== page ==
TenneT's giant offshore 'power socket' reaches final destination in the North Sea
Wednesday, Aug 28, 2013
TenneT’s largest converter platform, DolWin alpha, has been installed in the North Sea. Here the topsides of the platform was lifted by the world's largest crane vessel, Thialf, and positioned on top of the already installed jacket. The converter platform is one of the main components of the TenneT DC (direct current) offshore grid connection DolWin1. The topsides of the platform is 62 metres long, 42 metres wide, 42 metres high and has a lifting weight of 9,300 metric tonnes.
“The installation is a significant moment for TenneT”, says Lex Hartman, member of TenneT’s managing board. “DolWin1, the largest grid connection in the German North Sea, has moved a major step towards completion: In 2014, DolWin1 will be able to transport 800 MW of clean green energy to the German grid.”
A few days before the installation, the sailout of the topsides started. A barge transported it from the quayside in Schiedam where it was moored for final completion to its destination 75 kilometres off the East Frisian coast. When the jacket, the steel substructure which was completed last autumn, had been prepared for the upcoming installation, the most challenging installation phase started: Thialf lifted the topsides, weighing 9,300 metric tons, and lowered it very carefully onto the jacket. Next, the jacket and topsides are welded together, after which the hook-up and commission work can start. Now the final works for completing DolWin alpha are carried out including connecting the high voltage subsea cable to the platform and offshore pre-commissioning tests. ?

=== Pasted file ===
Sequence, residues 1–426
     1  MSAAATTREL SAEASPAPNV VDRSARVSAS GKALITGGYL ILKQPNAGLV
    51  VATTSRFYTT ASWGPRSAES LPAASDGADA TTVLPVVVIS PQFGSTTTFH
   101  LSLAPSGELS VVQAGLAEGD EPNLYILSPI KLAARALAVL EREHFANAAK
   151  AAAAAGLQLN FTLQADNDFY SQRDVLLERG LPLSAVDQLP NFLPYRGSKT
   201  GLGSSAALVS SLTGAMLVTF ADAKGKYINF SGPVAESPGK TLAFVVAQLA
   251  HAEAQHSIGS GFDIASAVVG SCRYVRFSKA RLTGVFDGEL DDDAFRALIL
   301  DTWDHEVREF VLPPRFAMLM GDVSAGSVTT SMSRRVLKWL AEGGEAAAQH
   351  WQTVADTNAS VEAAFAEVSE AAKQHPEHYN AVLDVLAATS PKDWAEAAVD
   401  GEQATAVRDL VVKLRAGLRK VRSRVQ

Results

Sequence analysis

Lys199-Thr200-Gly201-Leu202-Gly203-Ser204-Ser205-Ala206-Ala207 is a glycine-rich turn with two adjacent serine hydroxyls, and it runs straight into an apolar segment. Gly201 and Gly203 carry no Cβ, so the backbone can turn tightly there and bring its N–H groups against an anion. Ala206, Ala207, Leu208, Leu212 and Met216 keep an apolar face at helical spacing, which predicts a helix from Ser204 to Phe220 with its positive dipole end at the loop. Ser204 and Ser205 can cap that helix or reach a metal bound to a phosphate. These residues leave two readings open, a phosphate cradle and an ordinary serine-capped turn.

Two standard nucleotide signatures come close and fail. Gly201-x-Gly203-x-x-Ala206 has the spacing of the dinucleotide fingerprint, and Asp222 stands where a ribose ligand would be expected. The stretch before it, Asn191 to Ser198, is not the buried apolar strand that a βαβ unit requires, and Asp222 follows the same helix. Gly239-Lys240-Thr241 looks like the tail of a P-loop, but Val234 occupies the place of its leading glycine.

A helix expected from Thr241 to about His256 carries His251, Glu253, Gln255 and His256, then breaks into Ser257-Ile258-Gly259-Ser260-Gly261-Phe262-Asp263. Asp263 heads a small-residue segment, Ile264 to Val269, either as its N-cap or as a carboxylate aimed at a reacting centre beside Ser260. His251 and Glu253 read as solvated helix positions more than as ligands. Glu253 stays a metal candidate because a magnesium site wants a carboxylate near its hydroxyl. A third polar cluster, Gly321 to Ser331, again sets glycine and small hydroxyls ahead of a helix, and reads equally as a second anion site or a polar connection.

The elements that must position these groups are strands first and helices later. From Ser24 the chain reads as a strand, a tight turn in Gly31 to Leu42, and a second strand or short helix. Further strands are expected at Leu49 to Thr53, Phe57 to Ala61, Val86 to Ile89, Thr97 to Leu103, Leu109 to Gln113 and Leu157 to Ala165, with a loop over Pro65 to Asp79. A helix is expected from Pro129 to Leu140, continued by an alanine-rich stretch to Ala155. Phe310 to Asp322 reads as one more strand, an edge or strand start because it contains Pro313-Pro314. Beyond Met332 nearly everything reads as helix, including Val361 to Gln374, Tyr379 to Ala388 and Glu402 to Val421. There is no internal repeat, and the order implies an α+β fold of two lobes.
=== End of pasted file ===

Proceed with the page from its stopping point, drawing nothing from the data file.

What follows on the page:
The platform is a crucial part of the entire offshore grid connection called DolWin1. DolWin alpha will convert the alternating current (AC) from the wind farms into direct current (DC). The direct current will then be transported via 75 kilometres of high voltage direct current (HVDC) sea cables and 90 kilome-tres of HVDC land cables to the converter station onshore in Dörpen-West where it will be converted into alternating current again so that it can be fed into the grid. This offshore direct current grid connection system will have a length of 165 kilometres and a capacity of 800 MW.
The platform of DolWin1 was built by Heerema Fabrication Group’s Zwijndrecht yard, as a subcontrac-tor of TenneT's main contractor ABB, who was responsible for the construction of the platform and in-stallation of the complete electro technical equipment using HVDC Light converters as basic technology.